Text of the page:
• Collards (seeds or transplants)
  • Kale (seeds or transplants)
  • Kohlrabi (seeds or transplants)
  • Leek (seeds or transplants)
  • Lettuce (seeds or transplants)
  • Mustard (seeds)
  • Onion - bulb, multiplier, bunching (seeds or transplants or sets)
  • Peas (seeds)
  • Potatoes (seed potatoes or chunk of potato with an eye)
  • Radish (seeds)
  • Spinach (seeds or transplants)
  • Turnips (seeds)
  • Garlic (clove)
  • Strawberry (plants)

Though potatoes aren't on the official list of things that can be planted (the official list says January and February) I know a lot of people plant them now-- worth the experiment if you have sprouting potatoes in your kitchen.

What if a Hurricane Comes?

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Yes, we do get hurricanes in Central Florida, but not very often... actually they're uncommon. In 1960 Orlando was hit with Hurricane Donna and then in 2004 came Hurricane Charley.  That's only 2 direct hits of any significance in more than 56 years at this writing.

Hurricanes aren't anything like what you see on TV or in the movies either.  They don't come up suddenly and catch you unawares.  Hurricanes are large, averaging 400 miles across.  The strong hurricane force winds are close to the center and decrease to below hurricane speeds as you move away toward the edges. They move slowly, only a few miles an hour, and they tend to meander.  You will have days and days to prepare. Hurricanes take weeks to develop, do their hurricane thing, and then finally dissipate.


What if a hurricane comes? What can you do to protect your garden? Unfortunately, not a whole lot. You will have damage - that's a given. But some pre-storm preparation can minimize that damage from wind, rain, and a possible tornado or two.

What to expect if a hurricane hits. Hurricanes tend to ooooze more than hit. You get the outer rain bands long before you get the hurricane. You will have had days of warning and plenty of time to prepare.

Winds usually degrade significantly when the storm makes landfall, but even a weakened hurricane is a mighty force. Often it isn’t the hurricane’s winds that cause much of the damage but tornadoes that are spawned by the hurricane. Damage is also caused by hail, flying debris and sand and salt, and falling trees...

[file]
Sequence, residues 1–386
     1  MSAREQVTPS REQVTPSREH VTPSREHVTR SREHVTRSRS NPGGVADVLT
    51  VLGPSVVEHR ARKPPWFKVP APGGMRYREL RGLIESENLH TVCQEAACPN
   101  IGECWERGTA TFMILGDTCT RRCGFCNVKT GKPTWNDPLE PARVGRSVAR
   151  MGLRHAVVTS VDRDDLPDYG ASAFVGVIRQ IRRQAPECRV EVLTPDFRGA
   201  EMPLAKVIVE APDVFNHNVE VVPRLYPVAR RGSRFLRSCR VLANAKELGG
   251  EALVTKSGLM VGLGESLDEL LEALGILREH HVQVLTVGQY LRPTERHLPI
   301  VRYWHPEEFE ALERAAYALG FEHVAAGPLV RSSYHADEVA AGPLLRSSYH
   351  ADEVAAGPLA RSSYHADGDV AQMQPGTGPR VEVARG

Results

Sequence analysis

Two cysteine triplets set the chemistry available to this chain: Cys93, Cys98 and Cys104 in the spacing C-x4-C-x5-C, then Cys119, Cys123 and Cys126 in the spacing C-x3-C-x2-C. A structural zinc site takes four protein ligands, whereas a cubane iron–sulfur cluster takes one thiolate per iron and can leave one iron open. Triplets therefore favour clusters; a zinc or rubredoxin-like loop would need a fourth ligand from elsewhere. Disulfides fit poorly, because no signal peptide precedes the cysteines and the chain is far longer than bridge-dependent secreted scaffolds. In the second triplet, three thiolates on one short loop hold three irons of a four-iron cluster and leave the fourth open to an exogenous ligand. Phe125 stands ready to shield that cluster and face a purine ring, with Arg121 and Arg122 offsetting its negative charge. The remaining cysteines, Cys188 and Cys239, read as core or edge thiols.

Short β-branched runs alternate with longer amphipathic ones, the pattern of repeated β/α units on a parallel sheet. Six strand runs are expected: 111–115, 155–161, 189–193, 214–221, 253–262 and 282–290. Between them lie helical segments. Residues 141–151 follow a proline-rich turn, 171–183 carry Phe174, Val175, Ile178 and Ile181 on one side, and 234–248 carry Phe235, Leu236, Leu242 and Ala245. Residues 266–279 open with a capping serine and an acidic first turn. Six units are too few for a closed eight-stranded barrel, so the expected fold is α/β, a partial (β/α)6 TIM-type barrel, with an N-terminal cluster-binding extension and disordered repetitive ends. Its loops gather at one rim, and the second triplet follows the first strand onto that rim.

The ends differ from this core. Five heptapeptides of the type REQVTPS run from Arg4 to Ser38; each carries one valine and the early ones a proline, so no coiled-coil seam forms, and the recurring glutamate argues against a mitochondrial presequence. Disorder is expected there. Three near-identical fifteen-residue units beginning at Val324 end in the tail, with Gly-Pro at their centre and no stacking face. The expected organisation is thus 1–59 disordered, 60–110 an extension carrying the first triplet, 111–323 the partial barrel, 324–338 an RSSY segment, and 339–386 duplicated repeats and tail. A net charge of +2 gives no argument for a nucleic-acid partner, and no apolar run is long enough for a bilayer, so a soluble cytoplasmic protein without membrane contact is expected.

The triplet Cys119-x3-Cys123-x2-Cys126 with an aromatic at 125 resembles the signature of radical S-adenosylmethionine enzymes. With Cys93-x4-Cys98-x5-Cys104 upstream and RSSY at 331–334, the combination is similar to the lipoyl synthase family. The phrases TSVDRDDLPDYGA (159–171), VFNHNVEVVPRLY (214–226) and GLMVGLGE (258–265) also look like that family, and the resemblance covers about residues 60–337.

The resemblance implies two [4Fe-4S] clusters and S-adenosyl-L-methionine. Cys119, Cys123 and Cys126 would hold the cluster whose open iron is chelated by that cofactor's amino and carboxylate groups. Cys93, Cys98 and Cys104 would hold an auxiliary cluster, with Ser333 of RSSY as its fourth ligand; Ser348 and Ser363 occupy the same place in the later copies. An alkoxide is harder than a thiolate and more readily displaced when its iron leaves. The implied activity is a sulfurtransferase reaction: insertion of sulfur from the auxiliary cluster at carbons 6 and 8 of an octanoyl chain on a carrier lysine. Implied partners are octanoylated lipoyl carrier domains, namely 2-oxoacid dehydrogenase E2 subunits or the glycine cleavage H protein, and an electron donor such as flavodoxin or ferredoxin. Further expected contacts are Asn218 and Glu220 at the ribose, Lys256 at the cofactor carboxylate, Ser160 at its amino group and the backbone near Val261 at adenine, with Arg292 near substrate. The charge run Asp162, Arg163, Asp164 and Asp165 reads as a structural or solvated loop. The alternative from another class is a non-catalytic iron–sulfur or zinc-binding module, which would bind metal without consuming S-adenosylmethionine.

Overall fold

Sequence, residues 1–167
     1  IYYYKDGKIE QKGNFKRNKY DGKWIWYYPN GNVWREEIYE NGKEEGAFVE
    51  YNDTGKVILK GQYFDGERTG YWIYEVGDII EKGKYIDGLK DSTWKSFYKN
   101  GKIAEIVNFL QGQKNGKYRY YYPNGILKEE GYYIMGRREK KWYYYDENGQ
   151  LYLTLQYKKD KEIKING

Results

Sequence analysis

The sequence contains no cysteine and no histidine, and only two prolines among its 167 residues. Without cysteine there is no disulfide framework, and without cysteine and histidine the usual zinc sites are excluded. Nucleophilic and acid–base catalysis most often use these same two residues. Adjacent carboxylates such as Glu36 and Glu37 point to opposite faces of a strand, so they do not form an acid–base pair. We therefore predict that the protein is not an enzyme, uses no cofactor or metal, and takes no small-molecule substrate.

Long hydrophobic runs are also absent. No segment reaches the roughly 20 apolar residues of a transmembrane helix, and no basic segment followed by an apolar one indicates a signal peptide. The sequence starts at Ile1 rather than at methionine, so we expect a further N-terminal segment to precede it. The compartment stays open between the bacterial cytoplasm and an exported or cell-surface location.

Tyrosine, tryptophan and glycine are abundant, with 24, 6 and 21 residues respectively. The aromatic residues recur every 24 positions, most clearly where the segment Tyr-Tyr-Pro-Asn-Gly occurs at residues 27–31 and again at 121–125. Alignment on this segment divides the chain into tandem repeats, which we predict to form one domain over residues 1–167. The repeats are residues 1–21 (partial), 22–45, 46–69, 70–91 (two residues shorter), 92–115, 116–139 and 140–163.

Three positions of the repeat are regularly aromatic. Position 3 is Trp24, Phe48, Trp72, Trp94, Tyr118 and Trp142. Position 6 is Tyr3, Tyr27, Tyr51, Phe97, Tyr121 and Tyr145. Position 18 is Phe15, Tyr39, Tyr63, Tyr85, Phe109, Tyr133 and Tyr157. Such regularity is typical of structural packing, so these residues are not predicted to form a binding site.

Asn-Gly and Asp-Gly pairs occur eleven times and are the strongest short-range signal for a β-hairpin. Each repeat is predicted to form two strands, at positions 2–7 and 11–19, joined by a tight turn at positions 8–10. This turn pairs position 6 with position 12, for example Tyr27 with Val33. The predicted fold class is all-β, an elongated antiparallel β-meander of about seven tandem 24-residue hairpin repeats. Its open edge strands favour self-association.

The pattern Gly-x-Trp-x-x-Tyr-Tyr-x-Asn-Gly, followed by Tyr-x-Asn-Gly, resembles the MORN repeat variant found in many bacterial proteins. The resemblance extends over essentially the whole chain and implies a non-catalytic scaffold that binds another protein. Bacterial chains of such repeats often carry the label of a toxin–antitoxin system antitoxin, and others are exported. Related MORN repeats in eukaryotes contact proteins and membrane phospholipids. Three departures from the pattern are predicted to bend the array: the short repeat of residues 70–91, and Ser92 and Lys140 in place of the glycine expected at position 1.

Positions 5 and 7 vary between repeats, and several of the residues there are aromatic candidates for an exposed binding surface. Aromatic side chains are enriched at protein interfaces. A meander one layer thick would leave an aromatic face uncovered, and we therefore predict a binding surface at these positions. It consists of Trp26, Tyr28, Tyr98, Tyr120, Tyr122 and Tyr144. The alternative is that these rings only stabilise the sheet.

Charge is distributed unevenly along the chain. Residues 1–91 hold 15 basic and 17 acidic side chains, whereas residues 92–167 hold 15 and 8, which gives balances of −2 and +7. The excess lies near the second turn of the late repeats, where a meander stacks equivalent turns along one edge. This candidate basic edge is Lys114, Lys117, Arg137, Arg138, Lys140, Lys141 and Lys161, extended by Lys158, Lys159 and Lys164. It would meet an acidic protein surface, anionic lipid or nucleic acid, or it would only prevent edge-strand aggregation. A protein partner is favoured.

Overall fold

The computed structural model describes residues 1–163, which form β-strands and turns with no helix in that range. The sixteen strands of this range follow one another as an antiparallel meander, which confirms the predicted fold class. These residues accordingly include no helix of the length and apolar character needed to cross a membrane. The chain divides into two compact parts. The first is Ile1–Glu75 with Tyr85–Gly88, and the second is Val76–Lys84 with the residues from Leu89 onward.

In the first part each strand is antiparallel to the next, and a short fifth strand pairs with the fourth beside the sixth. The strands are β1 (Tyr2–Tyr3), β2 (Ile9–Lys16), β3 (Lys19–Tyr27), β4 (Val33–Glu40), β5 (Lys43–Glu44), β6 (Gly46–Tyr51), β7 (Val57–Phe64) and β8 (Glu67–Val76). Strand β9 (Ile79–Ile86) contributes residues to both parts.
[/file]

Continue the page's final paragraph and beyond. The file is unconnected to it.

Hurricanes can be very wet or pretty dry. If the season has been a wet one before the hurricane, then there will be more flooding, water damage to your garden, and plants will uproot more easily.

Go out to your garden and look around. Think low. Your objective will be to reduce wind resistance. Do these things.

  • Trim and cut back bushy plants and vines
  • Lay things down
    * Lay potted plants over on their sides
    * Lay trellises over onto the ground
    * Pull up stakes on plants like tomatoes and lay the plants down
    * Try to point the base of the plants into the wind (more about that later)
    * Lay fencing down if you can
    * Lay down/turn over bird baths and fountains
  • Move tools, watering cans, mowers, wheelbarrows, etc. inside, or lay them down or turn them over
  • Take down bird feeders and hanging plants
  • Don’t forget to take down or lay over garden art, statues, gazing balls, flags, wind chimes and mobiles…
  • Secure sheds with straps or tie downs and secure windows and doors
  • Stake and securely support newly planted trees
    - Put down mulch to preserve your soil
  • If possible, remove the plastic covering of greenhouses

Estimate the hurricane hit at your house and garden. Hurricane winds blow counter clockwise. Pay attention to the weather forecast (which will be frequent and become constant as a hurricane approaches) and where the eye of the storm (the center - which can be 20 miles across and has clear sky above and no wind or rain - fascinating to go through one) is expected to pass in relation to where you and your garden are.

If you are hit by the north part of the hurricane your winds will be primarily out of the east, by the south part winds will be from the west, if you’re on the east part then winds will be from the south and if you’re on the west part your winds will be from the north. If the eye passes over you the winds will blow from one direction, then they will stop for a short time and then resume from the opposite direction.

Get some tracing paper and a map of Florida. Draw a circle on the tracing paper and some counter clockwise directional arrow lines inside. Draw a small circle in the center to represent the eye. Place this over your Florida map, move the circle over your map as you track the path of the eye of the storm from weather forecast, and you can determine the wind direction and changes for where you are.